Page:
Reviewing Theories on Deviance

Learning Outcomes

  • Differentiate between functionalist, conflict theorist, and symbolic interactionist explanations on deviance and crime

Summary of Theoretical Explanations of Deviance

The three major sociological paradigms offer different explanations for the motivation behind deviance and crime. Functionalists point out that deviance is a social necessity since it reinforces norms by reminding people of the consequences of violating them. Violating norms can open society’s eyes to injustice in the system.

Conflict theorists argue that crime stems from a system of inequality that keeps those with power at the top and those without power at the bottom.

Symbolic interactionists focus attention on the socially constructed nature of the labels related to deviance. Crime and deviance are learned from the environment and enforced or discouraged by those around us.

Review each of the main theories associated with each perspective below.

Functionalism Associated Theorist Deviance arises from:
Strain Theory Robert Merton A lack of ways to reach socially accepted goals by accepted methods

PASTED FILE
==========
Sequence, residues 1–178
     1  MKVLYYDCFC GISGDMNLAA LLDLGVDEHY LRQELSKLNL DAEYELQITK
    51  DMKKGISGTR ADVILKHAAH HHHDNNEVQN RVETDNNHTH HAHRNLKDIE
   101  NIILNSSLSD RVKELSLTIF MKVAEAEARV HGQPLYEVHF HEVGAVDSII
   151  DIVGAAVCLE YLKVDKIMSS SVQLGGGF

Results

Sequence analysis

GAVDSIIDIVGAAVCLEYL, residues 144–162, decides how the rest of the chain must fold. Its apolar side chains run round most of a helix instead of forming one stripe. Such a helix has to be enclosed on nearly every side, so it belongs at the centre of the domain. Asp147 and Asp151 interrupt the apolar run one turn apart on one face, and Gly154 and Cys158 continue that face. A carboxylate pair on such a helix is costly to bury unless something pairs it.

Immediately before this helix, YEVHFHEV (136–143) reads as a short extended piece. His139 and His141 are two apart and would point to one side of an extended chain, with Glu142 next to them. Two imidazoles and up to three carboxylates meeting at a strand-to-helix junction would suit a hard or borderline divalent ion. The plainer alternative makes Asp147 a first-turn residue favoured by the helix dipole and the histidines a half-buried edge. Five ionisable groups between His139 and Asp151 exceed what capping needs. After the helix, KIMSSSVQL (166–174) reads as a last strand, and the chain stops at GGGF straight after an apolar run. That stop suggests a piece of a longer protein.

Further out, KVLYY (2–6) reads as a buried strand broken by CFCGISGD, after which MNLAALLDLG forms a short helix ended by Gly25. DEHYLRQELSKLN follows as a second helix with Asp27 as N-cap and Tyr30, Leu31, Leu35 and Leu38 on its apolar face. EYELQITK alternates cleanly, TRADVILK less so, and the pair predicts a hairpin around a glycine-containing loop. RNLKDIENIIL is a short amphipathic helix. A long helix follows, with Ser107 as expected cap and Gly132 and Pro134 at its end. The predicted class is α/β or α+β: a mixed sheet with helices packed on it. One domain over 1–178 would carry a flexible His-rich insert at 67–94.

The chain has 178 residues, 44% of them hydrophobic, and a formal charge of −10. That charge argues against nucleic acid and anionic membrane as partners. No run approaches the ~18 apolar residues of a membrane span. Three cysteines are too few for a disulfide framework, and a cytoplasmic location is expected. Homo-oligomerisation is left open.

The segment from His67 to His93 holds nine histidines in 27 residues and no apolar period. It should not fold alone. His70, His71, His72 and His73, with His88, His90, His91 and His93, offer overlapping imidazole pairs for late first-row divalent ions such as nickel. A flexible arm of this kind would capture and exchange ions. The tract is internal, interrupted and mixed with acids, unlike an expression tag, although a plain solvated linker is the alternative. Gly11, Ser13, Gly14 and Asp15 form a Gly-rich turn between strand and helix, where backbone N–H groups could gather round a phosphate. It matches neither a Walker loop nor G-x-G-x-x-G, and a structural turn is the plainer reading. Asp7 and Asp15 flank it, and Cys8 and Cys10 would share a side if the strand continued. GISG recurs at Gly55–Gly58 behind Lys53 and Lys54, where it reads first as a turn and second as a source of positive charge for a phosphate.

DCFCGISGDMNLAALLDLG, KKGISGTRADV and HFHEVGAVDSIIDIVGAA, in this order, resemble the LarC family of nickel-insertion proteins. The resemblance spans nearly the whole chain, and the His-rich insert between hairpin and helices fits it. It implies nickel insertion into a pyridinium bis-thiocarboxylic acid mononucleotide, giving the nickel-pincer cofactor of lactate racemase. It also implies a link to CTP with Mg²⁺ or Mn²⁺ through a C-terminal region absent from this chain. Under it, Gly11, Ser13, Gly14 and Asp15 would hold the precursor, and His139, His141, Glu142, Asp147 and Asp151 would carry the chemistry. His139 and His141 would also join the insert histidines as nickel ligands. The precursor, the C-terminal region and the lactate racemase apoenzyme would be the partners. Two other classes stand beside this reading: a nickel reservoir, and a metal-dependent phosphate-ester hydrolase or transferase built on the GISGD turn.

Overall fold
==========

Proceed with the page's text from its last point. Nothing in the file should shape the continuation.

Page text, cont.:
Social Disorganization Theory University of Chicago researchers Weak social ties and a lack of social control; society has lost the ability to enforce norms with some groups
Social Control Theory Travis Hirschi Deviance results from a feeling of disconnection from society; social control is directly affected by the strength of social bonds
Conflict Theory Associated Theorist Deviance arises from:
Unequal System Karl Marx Inequalities in wealth and power that arise from the economic system
Power Elite C. Wright Mills Ability of those in power to define deviance in ways that maintain the status quo
Symbolic Interactionism Associated Theorist Deviance arises from:
Labeling Theory Edwin Lemert The reactions of others, particularly those in power who are able to determine labels
Differential Association Theory Edwin Sutherlin Learning and modeling deviant behavior seen in other people close to the individual

Watch It

Watch this video to review some of the major theories covered in this module. You’ll examine the symbolic interactionist paradigms of differential association and labeling theory, and also the functionalist paradigm of strain theory.

Try It

Try It

Let’s review each of these theories again in using the example of sit-ins during the Civil Rights Movement.

Think It Over

  • Choose a public figure who has effected a major, controversial political and or legal change. To what extant were this person’s actions or beliefs considered deviant when they first emerged? How can the process by which they were eventually accepted and became new norms be explained by applying the major sociological paradigms? What norms needed to be re-examined? Which paradigm seems most useful? Why?

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